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Christina speaks to us about her life with depression, and how self-help groups were the key to her recovery.
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Matt: Welcome to the Mindcast: depression, and with me today is Christina Young. Christina, how do you feel about the title depression as a description for the illness?
Christina: Totally inadequate. Not only inadequate, but misleading. I’ve heard so many people say that, and I’m saying that from my own experience - who on earth dreamt up the term depression. Because when you say it to the ordinary man or woman in the street, who’s never experienced it, they naturally see it as being fed up, down in the dumps, even in despair. Somebody might be depressed after a bereavement, after losing a job and so on. But that’s different - it’s totally inadequate to describe the absolute hell of what depression, depression illness really is. And at times I did feel suicidal, I really did.
Matt: Could you describe, in your own words, what it feels like to have depression?
Christina: Well in my experience, a depressive illness is a whole range of agonising feelings, from fear, nameless fear, panic, very bad concentration and feelings of isolationeven though I was with people.
Another very frightening feeling was the unreality, where I would feel as though I was becoming disembodied. I knew I wasn’t, but it would feel as though my mind was leaving my body and going into another dimension. I even had sensations at one time as though I was breaking into pieces, as though my arms were dropping off. Again I knew they weren’t, but it was that feeling of disintegration. And then there were all the physical aspects. I had very, very severe exhaustion off and on, I had a bad rash, and headaches, I had severe headaches. And at the other end of the spectrum I also experienced, just a couple of times, what I would think of as pure depression, where I had no anxiety, no fear, but I felt completely emotionally dead, as though my whole stimuli and response mechanism had broken down.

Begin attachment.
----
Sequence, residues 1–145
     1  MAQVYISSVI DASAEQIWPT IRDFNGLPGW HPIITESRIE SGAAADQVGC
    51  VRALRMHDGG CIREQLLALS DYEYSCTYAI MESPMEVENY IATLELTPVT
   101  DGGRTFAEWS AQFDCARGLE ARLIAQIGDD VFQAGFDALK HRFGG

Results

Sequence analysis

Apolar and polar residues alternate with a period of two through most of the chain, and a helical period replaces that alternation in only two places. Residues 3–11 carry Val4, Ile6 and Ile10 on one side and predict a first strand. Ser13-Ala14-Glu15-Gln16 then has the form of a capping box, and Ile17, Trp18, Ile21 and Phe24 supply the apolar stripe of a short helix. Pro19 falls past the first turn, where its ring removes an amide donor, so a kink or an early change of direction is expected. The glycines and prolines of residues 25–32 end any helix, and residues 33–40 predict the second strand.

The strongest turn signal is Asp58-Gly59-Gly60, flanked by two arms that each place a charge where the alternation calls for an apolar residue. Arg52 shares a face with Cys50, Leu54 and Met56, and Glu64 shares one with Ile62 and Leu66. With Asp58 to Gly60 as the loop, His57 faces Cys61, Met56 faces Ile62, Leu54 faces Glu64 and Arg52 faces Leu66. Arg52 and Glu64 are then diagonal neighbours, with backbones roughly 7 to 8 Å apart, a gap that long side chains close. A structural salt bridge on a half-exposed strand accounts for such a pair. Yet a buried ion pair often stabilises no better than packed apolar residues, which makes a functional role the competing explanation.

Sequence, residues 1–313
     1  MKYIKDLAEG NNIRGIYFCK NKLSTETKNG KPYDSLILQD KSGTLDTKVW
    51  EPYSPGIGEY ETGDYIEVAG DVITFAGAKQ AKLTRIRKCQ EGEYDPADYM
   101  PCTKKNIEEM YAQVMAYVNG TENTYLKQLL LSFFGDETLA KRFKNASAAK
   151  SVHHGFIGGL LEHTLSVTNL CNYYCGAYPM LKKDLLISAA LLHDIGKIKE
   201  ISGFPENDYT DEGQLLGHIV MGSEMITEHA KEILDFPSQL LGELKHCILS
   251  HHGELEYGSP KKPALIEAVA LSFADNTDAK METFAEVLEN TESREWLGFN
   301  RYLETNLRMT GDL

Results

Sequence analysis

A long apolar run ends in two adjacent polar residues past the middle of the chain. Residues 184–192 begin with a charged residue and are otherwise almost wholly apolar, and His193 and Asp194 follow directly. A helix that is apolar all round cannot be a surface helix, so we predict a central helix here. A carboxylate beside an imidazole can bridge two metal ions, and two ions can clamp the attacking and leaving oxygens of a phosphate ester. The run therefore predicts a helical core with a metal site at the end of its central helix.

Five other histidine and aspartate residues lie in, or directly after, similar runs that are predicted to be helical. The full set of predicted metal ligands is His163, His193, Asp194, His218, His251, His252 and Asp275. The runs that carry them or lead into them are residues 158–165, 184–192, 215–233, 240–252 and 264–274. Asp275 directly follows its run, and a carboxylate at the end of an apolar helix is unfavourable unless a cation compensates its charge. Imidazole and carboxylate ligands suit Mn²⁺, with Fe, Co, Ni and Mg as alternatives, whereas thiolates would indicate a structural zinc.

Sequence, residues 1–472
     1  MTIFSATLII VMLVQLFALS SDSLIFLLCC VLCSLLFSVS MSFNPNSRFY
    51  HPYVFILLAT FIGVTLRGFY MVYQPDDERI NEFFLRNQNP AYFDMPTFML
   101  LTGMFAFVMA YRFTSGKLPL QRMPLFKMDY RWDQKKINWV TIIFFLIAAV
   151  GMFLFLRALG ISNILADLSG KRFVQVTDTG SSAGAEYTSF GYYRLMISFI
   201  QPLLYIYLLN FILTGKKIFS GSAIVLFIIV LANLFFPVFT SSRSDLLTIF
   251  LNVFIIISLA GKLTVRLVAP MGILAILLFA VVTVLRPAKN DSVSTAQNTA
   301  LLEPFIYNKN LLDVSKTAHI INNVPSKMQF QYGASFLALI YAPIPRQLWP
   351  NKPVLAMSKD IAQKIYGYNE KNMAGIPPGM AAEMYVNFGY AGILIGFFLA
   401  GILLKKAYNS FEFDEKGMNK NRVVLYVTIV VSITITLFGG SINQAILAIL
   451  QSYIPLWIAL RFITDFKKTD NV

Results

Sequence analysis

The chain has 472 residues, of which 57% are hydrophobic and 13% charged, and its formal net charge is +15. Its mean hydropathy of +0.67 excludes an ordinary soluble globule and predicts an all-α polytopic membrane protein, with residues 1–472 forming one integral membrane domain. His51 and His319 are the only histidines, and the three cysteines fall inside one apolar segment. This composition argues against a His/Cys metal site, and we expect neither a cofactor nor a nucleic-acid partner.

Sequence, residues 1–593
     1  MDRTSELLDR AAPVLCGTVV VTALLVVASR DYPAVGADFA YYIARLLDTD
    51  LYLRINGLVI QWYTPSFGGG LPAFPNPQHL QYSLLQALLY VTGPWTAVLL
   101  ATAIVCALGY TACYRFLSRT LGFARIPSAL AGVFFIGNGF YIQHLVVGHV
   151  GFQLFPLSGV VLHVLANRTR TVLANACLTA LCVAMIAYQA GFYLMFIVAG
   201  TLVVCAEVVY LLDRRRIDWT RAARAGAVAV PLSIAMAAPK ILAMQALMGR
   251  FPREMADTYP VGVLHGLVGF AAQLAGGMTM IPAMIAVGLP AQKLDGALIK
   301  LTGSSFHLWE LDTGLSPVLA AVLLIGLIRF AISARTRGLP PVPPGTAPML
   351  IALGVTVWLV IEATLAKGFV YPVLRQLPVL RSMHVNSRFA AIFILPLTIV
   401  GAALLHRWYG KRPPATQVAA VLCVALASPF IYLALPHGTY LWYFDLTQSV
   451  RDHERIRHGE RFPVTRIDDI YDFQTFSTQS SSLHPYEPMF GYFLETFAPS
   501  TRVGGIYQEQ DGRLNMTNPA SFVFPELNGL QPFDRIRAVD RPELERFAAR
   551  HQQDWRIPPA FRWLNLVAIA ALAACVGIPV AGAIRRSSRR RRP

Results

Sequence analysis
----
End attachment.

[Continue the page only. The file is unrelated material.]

Matt: What do you mean by stimuli and response mechanism?
Christina: Yes, I’m sorry for using technical terms, but it’s about sensations. So a stimuli might be nice smells for example, perhaps food cooking or something, and it brings us pleasure. Sights and sounds bring us pleasure, or sights and sounds which aren’t nice bring us displeasure. And I would be aware of those sights and sounds and physical sensations, like if you touch something, but I didn’t feel any emotion attached to them. So I would hear a loud noise, and usually if you hear a very loud unpleasant noise you think “that’s horrible” and you don’t like it, or if it’s a pleasant noise you do like it; but none of the emotion was present with the sensations.
Matt: How long have you suffered with depressive illness?
Christina: Well I had a very disturbed childhood, it was a very abusive situation. I was an only child and I had very, very strict elderly parents.